Because of your generosity, more than 60 individuals had their immediate needs met when they lost everything and had nowhere to turn. This is your generosity in action and YOU made this help possible.
The Red Cross of Alaska continues to respond on average almost daily to home fires and to help those whose lives have been turned upside down by disaster. Our work is 365 days per year, 24 hours a day.
We could never do it without you.
Sincerely,
Lisa Miller, Red Cross of Alaska chief development officer

Red Cross Helps 46 Alaskans in the Month of December

RedCross AK image

The American Red Cross of Alaska responds to calls for assistance, on average, almost once a day state-wide. In December, 46 people were assisted; of those assisted, at least 5 were children under the age of 18.  Including, 10 who were listed as young children (0-5).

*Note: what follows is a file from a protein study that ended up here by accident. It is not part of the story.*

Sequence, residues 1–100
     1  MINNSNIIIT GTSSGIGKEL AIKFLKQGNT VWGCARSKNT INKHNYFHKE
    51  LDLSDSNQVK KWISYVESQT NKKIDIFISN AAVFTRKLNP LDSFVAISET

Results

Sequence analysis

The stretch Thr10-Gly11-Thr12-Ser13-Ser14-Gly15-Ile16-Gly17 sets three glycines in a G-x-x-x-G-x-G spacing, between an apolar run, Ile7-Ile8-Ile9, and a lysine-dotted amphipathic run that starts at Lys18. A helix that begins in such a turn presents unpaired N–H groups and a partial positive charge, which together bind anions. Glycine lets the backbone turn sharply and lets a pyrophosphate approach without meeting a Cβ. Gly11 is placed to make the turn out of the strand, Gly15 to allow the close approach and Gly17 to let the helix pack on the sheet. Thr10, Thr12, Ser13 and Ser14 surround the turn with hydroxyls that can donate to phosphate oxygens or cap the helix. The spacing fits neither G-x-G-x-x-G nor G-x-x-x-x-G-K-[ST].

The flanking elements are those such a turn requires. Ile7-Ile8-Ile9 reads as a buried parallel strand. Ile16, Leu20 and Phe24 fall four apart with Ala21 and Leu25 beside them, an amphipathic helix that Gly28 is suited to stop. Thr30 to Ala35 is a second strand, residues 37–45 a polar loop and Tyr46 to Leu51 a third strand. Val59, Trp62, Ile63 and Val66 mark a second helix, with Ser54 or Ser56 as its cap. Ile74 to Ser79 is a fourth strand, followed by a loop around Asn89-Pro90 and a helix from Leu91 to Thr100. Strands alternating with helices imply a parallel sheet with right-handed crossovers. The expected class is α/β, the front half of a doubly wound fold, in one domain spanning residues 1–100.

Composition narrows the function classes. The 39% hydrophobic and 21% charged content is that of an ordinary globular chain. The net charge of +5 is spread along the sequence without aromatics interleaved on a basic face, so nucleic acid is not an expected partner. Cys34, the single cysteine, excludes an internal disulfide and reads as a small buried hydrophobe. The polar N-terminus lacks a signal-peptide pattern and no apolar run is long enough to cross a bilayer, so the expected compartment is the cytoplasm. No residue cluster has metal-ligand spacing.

VOLUNTEERS, all across the state, give up their free time to make this amount of help in their communities possible.

Breakdown of service by area:

Anchorage: 22 individuals received aid.

North Pole: 2 individuals received aid.

Talkeetna: 2 individuals received aid.

Delta Junction: 4 individuals received aid.

Quinhagak: 4 individuals received aid.

Palmer: 2 individual received aid.

Wasilla: 7 individuals received aid.

Juneau: 2 individuals received aid.

Homer: 1 individuals received aid.

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Earthquake and tsunami safety tips from the Red Cross of Alaska

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The American Red Cross of Alaska was ready and prepared to respond following last night’s 7.9 earthquake that occurred 175 miles southeast of Kodiak and the (lifted) tsunami warning for the coastal areas of British Columbia and Alaska. Our disaster staff and volunteers monitored the situation closely, should we have been called upon to assist residents across the state.